A spoke in the wheel of this “intellecticide” is the ‘anti-intellectual’ nature of the vote for Donald Trump who shares a host of similarities with Modi in India despite differences. The rise of white supremacy in a nation of migrants built after virtually annihilating indigenous populations is a continuation of ongoing racism in the US.

The pendulum swings of history ushers in periods of the rise of the ‘Right’ or the ‘Left’. We are witnessing the rise of the militant Right at this moment with its ensuing bloodshed in India, Pakistan, the US and elsewhere.

But what will continue to rise inexorably, despite bloodshed along the way, are human aspirations to basic rights, equality and justice. There is no going back, no matter how fiercely the chaddis, topis or kluxies fight it.

Read more: In Life, and in Death, Gauri Lankesh and Sabeen Mahmud Battled Powers Fearful of Change


Protest at Harvard Square: Commemorating Gauri Lankesh’s murder and ongoing Rohingya massacre. Photo: Beena Sarwar


Coming up to 70 years… Sing (and sign) for peace

What an incredible outpouring of love and respect for each other as Independence Day comes up for Pakistanis and Indians. What’s remarkable about these efforts is the altruism of those involved, lack of commercial motivation, using their own resources.

One of the most moving expressions of these aspirations for peace between the two countries, is the Indian acapella group Voxchord’s courageous gesture of singing Pakistan’s national anthem uploaded to Youtube by Ram Subramaniam in Mumbai (Voice of Ram, @VORdotcom) on Aug 11 that quickly went viral on social media.

On August 12, Voice of Ram shared another spine-chillingly beautiful Peace Anthem, a video of the united national anthems of India and Pakistan sung by artists of both nations that is also being shared widely – see below.  Continue reading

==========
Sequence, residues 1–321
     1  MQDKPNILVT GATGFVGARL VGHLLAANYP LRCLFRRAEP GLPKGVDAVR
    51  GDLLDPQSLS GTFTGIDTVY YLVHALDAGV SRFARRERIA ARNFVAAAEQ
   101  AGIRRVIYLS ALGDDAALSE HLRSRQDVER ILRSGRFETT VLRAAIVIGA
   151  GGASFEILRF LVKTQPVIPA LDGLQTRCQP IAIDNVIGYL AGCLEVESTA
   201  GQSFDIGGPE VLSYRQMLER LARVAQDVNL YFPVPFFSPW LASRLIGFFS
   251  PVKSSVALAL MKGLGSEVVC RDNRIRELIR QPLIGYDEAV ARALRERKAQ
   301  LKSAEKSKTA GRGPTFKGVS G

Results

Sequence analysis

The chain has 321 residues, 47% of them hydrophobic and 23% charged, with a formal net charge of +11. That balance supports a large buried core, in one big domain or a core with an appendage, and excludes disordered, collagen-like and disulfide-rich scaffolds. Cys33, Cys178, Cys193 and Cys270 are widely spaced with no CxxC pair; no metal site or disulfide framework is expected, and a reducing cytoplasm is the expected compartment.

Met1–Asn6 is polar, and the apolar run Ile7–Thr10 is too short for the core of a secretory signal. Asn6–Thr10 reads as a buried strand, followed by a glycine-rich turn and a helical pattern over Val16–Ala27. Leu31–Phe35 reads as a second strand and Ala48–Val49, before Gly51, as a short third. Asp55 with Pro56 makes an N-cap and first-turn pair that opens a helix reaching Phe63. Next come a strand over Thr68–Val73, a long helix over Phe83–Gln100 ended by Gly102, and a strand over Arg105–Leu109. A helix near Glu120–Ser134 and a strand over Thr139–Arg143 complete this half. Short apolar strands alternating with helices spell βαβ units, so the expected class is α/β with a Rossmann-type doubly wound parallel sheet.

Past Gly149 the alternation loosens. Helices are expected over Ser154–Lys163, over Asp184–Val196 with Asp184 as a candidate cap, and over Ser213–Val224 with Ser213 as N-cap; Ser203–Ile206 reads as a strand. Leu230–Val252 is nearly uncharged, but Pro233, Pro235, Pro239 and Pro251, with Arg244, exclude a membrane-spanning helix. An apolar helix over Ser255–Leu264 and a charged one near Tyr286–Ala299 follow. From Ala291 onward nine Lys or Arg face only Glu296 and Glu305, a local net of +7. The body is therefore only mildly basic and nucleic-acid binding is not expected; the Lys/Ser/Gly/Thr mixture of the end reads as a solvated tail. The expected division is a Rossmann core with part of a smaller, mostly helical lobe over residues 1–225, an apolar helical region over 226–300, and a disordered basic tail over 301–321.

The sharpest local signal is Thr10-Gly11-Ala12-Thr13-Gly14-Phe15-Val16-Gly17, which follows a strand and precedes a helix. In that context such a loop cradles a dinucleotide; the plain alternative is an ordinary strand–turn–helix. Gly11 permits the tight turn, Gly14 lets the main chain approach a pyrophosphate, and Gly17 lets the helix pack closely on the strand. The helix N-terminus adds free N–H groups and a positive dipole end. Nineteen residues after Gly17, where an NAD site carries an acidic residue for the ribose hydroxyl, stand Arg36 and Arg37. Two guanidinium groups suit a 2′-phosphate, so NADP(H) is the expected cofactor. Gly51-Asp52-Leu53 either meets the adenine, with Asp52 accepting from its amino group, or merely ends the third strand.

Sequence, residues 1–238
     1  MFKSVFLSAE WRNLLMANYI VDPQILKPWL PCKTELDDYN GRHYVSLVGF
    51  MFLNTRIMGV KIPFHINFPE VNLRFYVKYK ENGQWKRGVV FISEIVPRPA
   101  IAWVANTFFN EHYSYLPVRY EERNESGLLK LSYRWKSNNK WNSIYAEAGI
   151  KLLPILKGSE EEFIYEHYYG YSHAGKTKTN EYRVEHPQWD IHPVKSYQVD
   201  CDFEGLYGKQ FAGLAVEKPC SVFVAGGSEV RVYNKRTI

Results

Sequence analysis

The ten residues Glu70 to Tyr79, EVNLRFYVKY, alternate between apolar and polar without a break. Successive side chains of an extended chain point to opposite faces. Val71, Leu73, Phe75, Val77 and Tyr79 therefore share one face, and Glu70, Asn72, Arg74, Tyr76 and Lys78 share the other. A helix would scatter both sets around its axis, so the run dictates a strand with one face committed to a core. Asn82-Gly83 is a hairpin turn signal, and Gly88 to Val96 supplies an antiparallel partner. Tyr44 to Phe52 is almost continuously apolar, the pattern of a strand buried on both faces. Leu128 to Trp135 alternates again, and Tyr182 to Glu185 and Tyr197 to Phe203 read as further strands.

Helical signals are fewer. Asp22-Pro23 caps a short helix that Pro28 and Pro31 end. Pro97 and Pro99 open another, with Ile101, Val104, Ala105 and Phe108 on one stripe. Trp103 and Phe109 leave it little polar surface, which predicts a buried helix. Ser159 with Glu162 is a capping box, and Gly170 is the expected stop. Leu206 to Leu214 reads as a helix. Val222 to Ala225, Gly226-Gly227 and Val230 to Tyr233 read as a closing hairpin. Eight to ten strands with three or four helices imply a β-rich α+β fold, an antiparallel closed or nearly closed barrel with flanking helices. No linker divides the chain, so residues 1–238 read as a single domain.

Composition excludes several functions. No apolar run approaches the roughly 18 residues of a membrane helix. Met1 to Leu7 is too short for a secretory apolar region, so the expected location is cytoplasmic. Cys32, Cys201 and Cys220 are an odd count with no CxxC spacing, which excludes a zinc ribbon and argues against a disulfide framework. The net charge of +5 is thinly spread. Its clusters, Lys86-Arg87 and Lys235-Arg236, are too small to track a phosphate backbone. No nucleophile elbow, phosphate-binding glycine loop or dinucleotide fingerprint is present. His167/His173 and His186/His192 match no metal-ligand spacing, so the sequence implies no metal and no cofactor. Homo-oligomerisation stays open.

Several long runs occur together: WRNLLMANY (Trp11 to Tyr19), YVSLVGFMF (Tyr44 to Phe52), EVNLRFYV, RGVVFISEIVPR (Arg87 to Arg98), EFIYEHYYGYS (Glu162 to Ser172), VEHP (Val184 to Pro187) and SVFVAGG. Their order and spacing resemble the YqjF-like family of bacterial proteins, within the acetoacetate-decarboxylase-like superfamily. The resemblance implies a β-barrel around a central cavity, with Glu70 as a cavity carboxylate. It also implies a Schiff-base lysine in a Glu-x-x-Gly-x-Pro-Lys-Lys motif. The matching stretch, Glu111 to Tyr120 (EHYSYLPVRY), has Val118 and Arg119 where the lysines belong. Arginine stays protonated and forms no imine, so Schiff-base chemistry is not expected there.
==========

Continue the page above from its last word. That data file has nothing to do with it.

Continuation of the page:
India/Pakistan upcoming peace events August 3-9, 2017

Haroon Khalid, author of Walking with Nanak, will participate in a live Youtube discussion on Monday, 7 August.

As Pakistan and India commemorate 70 years of their existence as independent nation states, what is striking is the people’s desire for peace and how those who govern them continue to thwart these aspirations. As media highlight the tensions what goes largely unreported is people on the ground continuing their efforts to push for peace. Below: a few on-the-ground upcoming happenings I compiled that seek to further understanding between the two nations. At the very least, they are all expressions of the desire for normal relations. Continue reading

The fisherman’s tragedy

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Arrested Indian fishermen in Pakistan lockup. File photo. Getty images

Something I wrote in anguish yesterday, published in The Citizen, The Wire and Aman Ki Asha…  Not only are fishermen punished harshly for crossing a border they cannot see, once detained they are treated like prisoners of war by the other country.

The India-Pakistan Fisherman’s Story: Caught, Jailed, Dies, Body Wrapped in Red Tape

Imagine you are a fisherman. Born into poverty. Born in a small coastal village in India. Or Pakistan. (Hardly a matter of choice). You lead a tough life, following the profession of your father and grandfather. You are barely literate. You spend your life eking out a bare existence for yourself and your family, chasing the depleting shoals of fish that the wind and tide drive further out to sea.